If not for COVID-19, the ASQ would currently be rehearsing for a national tour – one of three planned for 2020. Instead, like all live performers, the quartet members have had to spend most of the year so far figuring out other ways to “make ourselves useful and get our music out there”, says cellist Sharon Grigoryan.
In April, they introduced Australian Anthology, a project involving the release each month on digital platforms of new recordings by contemporary composers. Now, they’re launching a digital streaming subscription-based platform ASQ Live + On Demand, which kicks off on August 2 with the first of eight weekly live-streamed webisodes titled ASQ Live at UKARIA.
Grigoryan says the quartet – whose home base is the Elder Conservatorium of Music at the University of Adelaide – wanted to make the series different to other livestreamed concerts.
“It’s going to be presented more like a TV episode,” she says.
“The centrepiece will be the string quartet performing, but we thought it would be a nice touch to have a presenter talking to the musicians to get to know the people behind the performance.”
For the host, they chose Adelaide-born Johanna Allen, a writer, performer and presenter whose career spans opera, cabaret and musical theatre, while cinematographer Maxx Corkindale has been engaged as director of photography to ensure the streams look slick.
Each webisode of ASQ Live at UKARIA will begin with a short “lifestyle segment” in which Allen interviews Grigoryan and fellow quartet members Dale Bartltrop, Stephen King and Francesca Hiew at their homes or favourite spots in Adelaide to find out more about their lives behind the scenes.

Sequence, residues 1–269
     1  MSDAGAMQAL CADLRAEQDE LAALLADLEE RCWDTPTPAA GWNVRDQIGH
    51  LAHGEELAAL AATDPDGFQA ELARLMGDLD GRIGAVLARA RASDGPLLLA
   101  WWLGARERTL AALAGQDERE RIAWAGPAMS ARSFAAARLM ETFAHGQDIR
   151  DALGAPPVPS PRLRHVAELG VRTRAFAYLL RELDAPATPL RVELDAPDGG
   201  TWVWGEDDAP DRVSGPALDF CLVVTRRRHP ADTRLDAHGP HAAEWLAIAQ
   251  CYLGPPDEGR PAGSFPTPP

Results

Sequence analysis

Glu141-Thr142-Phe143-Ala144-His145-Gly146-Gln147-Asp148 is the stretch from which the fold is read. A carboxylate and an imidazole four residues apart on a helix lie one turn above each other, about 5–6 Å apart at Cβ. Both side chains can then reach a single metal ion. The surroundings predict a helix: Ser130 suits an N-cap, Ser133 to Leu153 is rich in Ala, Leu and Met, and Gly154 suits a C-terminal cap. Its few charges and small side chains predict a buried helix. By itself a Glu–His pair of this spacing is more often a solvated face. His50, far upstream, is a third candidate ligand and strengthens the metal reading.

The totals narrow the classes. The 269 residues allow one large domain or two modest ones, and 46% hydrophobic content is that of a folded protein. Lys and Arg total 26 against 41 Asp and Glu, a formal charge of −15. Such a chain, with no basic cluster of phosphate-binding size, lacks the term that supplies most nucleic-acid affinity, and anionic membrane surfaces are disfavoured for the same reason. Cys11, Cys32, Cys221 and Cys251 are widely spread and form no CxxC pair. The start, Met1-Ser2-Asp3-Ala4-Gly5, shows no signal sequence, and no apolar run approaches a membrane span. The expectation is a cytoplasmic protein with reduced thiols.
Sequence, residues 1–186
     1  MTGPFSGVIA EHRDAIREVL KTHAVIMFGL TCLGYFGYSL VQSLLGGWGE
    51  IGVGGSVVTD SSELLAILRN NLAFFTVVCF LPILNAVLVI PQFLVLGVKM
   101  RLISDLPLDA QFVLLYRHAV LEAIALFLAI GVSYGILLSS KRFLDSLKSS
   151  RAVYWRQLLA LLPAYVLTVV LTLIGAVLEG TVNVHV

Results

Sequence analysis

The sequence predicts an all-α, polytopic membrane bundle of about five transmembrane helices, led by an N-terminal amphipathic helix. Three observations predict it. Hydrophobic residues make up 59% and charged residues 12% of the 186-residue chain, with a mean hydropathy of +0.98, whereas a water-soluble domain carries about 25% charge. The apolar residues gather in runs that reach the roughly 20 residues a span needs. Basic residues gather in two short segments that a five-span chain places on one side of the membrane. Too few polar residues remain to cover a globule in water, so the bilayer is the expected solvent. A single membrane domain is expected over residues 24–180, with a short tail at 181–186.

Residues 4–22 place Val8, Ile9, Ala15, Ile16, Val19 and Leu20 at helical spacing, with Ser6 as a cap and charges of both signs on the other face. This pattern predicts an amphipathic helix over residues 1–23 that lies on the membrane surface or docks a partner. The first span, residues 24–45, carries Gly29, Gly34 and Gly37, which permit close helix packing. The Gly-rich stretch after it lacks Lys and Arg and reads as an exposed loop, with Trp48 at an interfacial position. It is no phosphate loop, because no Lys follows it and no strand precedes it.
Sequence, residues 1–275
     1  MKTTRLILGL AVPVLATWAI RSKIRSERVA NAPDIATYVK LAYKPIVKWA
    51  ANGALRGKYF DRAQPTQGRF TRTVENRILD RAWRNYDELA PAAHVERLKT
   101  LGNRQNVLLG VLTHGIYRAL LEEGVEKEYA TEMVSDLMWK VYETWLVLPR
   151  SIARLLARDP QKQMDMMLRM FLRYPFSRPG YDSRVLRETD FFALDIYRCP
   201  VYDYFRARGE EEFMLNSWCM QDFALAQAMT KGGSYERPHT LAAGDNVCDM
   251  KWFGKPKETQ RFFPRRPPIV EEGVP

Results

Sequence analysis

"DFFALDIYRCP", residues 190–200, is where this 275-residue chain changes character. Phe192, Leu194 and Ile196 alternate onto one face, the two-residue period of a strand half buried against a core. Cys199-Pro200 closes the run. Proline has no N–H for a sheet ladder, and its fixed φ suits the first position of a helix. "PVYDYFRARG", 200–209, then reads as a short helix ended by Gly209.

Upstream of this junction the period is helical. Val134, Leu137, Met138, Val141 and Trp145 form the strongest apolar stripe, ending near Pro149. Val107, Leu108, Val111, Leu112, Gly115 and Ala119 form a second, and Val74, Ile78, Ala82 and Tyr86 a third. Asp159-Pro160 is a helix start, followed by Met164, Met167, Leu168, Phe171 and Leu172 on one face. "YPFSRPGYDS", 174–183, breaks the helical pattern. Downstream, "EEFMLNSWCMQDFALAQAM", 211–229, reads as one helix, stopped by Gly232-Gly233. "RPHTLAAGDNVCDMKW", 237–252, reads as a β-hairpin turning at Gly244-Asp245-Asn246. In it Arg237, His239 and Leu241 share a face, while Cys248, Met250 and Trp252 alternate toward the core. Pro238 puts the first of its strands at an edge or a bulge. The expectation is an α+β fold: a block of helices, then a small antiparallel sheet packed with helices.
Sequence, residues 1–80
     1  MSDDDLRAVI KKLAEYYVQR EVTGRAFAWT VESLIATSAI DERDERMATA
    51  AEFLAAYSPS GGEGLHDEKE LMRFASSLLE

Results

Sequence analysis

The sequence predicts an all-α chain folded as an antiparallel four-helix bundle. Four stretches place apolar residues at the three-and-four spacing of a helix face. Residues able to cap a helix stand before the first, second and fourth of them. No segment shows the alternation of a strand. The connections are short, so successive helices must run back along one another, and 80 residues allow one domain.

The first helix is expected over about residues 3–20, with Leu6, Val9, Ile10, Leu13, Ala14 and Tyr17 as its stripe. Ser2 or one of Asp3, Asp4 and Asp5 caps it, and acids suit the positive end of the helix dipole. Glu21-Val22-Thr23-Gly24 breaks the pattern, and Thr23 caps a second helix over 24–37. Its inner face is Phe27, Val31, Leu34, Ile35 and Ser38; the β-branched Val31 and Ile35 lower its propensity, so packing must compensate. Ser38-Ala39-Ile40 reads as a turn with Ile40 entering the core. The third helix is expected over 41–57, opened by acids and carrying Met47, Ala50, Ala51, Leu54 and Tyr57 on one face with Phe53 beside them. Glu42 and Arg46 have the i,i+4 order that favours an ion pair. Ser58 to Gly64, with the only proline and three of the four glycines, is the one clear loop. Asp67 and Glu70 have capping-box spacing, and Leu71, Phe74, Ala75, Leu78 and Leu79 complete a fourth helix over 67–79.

Allen says the project is a chance to explore art from a human perspective: “We get a joyous marriage – music from one of Australia’s most renowned classical acts, intertwined with who they are as people.”
The segment will also see the musicians visiting different parts of Adelaide and South Australia to speak with guest “makers and shakers”, ranging from a street artist to a restaurant chef and UKARIA’s head gardener.
Grigoryan – who has been filmed talking with luthier Jim Redgate in Port Noarlunga and food icon Maggie Beer in the Barossa – says the guests are all creative in different ways.
“We didn’t necessarily want to talk classical music with these guys; we just wanted to send out the message that music really is a universal language and you don’t have to be a classical musician to understand it and enjoy it.
“Also, if the guest list seems a little bit random, we did that on purpose for variety. We wanted to interview people we have a personal connection with … we wanted to bring the viewer into their world.”
Each webisode is around 45 minutes, with the centrepiece being the livestream of the ASQ performing one complete work before a real audience in the UKARIA concert hall.
The repertoire will include Mendelssohn’s String Quartet in F minor op 80, Paul Stanhope’s String Quartet No. 3, Mozart’s String Quartet in C major – Dissonance, and the world premiere of Australian composer Ross Edwards’ String Quartet No. 4.
Acclaimed pianist Konstantin Shamray will also join the quartet on August 16 for a performance of Dvořák’s Piano Quintet.
Grigoryan says the musicians are thrilled that the easing of COVID-19 restrictions means they can have a small audience in the concert hall, which will imbue the streamed performances with the “warmth and personality” of a live concert.
“That just makes the world of difference for us as performers… it will add a particular energy to the performance, kind of like having a studio audience.”
ASQ Live at UKARIA is scheduled to run until September 20, but if it proves successful the quartet may look at presenting more livestreamed concerts.
Performances of ASQ Live at UKARIA will begin at 3pm on August 2, with the full musical program and subscription details on the ASQ website.